Guest post by Natalie Kulikowski, Research Assistant
“So much of both art and science tries to take the complexity of the world and represent it two-dimensionally,” said Mark Peterson, Professor of Physics and Mathematics, at the first of a 3-part series of interdisciplinary talks that began last week at the Art Museum. Joined by Professor of Asian Studies Indira V. Peterson—yes, the two are married—the Petersons, with their inherently interdisciplinary backgrounds, are an especially fitting team to kick off a lecture series that illuminates the intersections of science and art.
Left to right: Ashley Kosa '15, Indira V. Peterson, and Mark Peterson
Titled “Transcending Boundaries,” the series grew from a student-driven initiative coordinated by Ashley Kosa ’15, art history major and co-chair of the Museum’s student group The Society of Art Goddesses. The talks, delivered by MHC faculty, will focus on works of art in the Museum’s collection and the many lenses through which we can begin to appreciate them across different disciplines.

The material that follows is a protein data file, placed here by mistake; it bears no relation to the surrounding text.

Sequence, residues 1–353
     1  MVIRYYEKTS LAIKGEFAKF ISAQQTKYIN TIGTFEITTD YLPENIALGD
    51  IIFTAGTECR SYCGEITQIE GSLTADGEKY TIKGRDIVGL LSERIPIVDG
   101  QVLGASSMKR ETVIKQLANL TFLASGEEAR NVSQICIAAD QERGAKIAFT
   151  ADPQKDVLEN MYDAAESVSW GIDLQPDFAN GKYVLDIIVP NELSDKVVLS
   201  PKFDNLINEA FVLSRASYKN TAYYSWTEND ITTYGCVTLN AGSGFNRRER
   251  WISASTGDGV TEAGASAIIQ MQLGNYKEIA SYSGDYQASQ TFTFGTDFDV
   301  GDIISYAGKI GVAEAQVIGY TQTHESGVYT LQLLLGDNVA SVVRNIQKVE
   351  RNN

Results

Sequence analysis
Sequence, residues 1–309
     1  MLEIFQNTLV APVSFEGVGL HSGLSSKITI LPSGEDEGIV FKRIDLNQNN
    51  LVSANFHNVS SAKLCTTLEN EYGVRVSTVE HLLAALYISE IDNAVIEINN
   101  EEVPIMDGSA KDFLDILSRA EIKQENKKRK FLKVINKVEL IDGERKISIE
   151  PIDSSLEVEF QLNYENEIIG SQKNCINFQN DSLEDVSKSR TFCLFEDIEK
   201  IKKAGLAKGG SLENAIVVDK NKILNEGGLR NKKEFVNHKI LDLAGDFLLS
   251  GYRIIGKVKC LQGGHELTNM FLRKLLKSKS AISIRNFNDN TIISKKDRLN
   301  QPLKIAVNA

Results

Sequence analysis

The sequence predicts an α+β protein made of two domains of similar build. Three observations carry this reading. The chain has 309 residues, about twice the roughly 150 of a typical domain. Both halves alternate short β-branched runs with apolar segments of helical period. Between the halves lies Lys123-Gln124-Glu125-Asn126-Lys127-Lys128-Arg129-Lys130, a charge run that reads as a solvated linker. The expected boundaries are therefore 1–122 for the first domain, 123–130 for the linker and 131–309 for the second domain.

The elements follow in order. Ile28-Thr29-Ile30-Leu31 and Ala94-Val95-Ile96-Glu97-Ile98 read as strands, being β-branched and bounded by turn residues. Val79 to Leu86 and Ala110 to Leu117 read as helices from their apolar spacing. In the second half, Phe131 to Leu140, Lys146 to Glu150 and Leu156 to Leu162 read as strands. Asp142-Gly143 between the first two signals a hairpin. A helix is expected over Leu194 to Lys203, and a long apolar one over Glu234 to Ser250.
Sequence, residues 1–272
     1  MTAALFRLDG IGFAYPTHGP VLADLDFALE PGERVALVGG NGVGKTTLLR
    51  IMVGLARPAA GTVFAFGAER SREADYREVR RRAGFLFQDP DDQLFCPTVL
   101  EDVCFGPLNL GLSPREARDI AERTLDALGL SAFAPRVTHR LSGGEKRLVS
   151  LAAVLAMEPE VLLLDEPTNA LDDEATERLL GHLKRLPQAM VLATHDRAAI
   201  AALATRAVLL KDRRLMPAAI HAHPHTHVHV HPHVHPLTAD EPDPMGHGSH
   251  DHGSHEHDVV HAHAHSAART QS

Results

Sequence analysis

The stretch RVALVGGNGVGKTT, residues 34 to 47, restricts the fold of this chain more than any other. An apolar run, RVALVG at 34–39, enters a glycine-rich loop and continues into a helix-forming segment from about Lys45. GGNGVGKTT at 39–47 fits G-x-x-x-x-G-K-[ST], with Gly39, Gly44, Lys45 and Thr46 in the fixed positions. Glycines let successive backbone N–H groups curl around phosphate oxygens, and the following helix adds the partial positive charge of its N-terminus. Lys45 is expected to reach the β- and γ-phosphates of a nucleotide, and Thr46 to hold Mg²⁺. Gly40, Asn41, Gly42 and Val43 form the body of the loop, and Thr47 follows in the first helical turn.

Professor Indira V. Peterson recounts the history of India's astronomical observatories.
Last week, the Professors Peterson co-delivered a lecture titled "The Art of Indian and Islamic Astrolabes and Sighting Instruments" in which Mark explained their role as astronomical instruments while Indira described their cultural and historical context, from their depiction in a 17th Indian painting to their monolithic cousins still standing at the Jantar Mantar observatory complex in Delhi.
Professor Mark Peterson lectures about Islamic astrolabes from the Museum's collection
We hope you’ll join us for the rest!
Wednesday, April 3rd at 4:30 p.m.
"Using Light to Investigate Paintings"
Maria A. Gomez, Associate Professor of Chemistry
Monday, April 15th at 4:30 p.m.
"Art and Science in Giambattista Nolli's Great Plan of Rome (1748)"
Jessica Maier, Assistant Professor of Art History